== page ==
Reissued to coincide with the 50th anniversary of Keneally's first novel.
In turn-of-the-century Australia, Tim Shea supports his young family by running a general store in a remote riverside town, where he finds the same hypocrisy and snobbery which made him emigrate from Ireland, and suffers a series of misfortunes which take him to the brink of disaster. Capturing the spirit of the times, this is the mesmerising tale of a flawed hero whose stubborn integrity is nearly his undoing.
The work of a great storyteller - The Times
A joy to read . . . His skilful prose which seems effortlessly to capture the rhythms and cadences of at least six different emigrant races . . . his essential humanity which enables him to examine misery and horror without ever losing his gift for hope and his old-fashioned insistence on a rattling good plot, crammed full of drama, will ensure the reader is thoroughly entertained - Evening Standard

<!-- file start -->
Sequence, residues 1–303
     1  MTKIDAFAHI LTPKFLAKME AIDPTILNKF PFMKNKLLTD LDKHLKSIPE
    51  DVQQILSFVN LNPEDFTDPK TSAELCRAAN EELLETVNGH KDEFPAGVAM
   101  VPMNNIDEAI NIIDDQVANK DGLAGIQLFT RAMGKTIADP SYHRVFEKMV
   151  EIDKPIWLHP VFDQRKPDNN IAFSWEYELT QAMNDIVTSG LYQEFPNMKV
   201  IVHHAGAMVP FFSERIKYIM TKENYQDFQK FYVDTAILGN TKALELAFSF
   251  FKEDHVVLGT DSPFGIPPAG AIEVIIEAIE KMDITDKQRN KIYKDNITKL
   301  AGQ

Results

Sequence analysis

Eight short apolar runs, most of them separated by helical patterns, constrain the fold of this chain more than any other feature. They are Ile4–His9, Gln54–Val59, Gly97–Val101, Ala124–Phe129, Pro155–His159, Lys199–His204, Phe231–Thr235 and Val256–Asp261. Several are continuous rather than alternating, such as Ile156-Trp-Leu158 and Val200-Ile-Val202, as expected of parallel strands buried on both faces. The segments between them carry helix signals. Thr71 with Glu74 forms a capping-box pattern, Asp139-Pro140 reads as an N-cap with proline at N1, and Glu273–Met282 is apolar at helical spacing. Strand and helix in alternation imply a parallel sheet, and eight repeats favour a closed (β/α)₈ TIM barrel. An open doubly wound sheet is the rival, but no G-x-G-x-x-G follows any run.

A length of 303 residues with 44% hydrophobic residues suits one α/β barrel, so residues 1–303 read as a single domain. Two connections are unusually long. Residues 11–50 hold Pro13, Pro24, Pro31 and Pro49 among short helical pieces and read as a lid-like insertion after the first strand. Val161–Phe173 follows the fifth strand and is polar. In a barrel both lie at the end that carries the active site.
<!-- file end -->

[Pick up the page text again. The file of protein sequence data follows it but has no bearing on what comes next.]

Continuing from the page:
A masterpiece - Literary Review
Keneally makes us feel, very movingly, the intelligence and imaginative openness that lie deeper than Tim's prejudices and inarticulacies . . . a novel [of] great vitality and charm - The Sunday Times
A remarkably vivid and moving portrayal of a hostile world where good struggles to shine through - Time Out
A great read - Mail on Sunday
Thomas Keneally, of Irish extraction, was brought up in Australia and still lives in Sydney. His novels include The Chant of Jimmie Blacksmith, Confederates (which first led him to study nineteenth century American history). Schindler's Ark was later turned into as remarkable a film by Steven Spielberg under the title Schindler's List.